It's one pair of many and might be the rest are rotting in a landfill. We don't keep everything, right? I keep everything, or at least if feels that way. Stuff accumulates, but why?
I can explain this pair. They're not the last pair, they're the second to last. The very last were thrown in the bin with just three hours of wear because it was over. Just like that. One day she's finishing up a series of performances with Alvin Ailey, and the next she's sobbing in the car because she just can't do it anymore. These things happen more often than not. So why keep any of it if it ends in heartbreak?
They are layers of burlap, cardboard, paper, and glue. Leather, canvas, satin, suede, sweat, blood, and dead skin cells molded to the shape of one dancer's foot. Less than two square inches to support 85 to 130 pounds depending on the height and build of the dancer. They should be replaced every twelve to fifteen hours of dance, but at $95 a pair they tend to 'last' a bit longer.
I don't actually know where they are, but I know I have them. Somewhere.
During the Great Purge of 2019, as I sorted through more than 2,000 books, my daughter asked me why the hell I would keep a book if I'd already read it.
Clearly, you are not a reader, I snarled, defensive and guilty.
I do so read books!
You read text books. That's not the same.
I do so read real books!
OK. True. You do read real books and text books count. I shouldn't have said that.
But, why? Why do you keep them, Mom? Are you actually going to read any of them again?
OK. How many?
Deep sigh. I have no idea. Maybe fifteen percent of them over a period of time. One or two of them more frequently.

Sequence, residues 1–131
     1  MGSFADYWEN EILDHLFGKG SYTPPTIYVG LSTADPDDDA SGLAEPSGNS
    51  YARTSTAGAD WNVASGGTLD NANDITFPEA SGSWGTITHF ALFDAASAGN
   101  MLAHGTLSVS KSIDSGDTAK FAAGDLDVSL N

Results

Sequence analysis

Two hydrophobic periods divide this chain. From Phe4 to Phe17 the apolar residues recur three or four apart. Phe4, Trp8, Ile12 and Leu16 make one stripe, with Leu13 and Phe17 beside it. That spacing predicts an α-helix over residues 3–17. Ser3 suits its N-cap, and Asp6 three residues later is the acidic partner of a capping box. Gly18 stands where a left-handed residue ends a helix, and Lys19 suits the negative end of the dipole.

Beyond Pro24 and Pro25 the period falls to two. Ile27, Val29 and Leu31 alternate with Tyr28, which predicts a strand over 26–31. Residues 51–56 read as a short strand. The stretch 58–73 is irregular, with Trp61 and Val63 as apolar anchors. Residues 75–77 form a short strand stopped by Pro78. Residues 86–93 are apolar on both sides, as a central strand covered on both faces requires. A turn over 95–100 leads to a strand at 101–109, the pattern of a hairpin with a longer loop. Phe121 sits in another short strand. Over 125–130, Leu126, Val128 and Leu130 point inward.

Do you know which ones you're going to reread? Wouldn't it make more sense to check them out of the library or even buy them again?
No. Emphatically. No.
Because every time I walk by these shelves, every time I touch the spines, I am reminded of how I felt and what I thought while I was reading them.
That makes absolutely no sense.
But it's more than just that. When I look at the shoes. When I pick them up. When I examine the blasted out box and the one broken shank, and surreptitiously sniff at the canvas, I don't necessarily remember events so much as feelings. What was my experience in the audience of that last Ailey performance? Why did I cry and how were my tears different than those that mixed with my daughter's on the very last day? What did I see that I couldn't possibly have imagined until that one perfect moment, those terribly brief fifteen seconds when no one else moved and she consummated the marriage of traditional Vaganova ballet to the flat backed, stretch and tilt of linear Horton?
I can feel it right now and I'm only looking at the photograph. I feel it with the same intensity that I can feel the memory of her birth. It's the same sense of wonder and disbelief that something so perfectly made could possibly have landed in my arms. It's different in that she was so clearly separate and apart and entirely herself.
I keep those shoes for the same reason I keep the hospital bracelets from three newborn babies. It's the saturation of a moment into an inert object. Pure magic.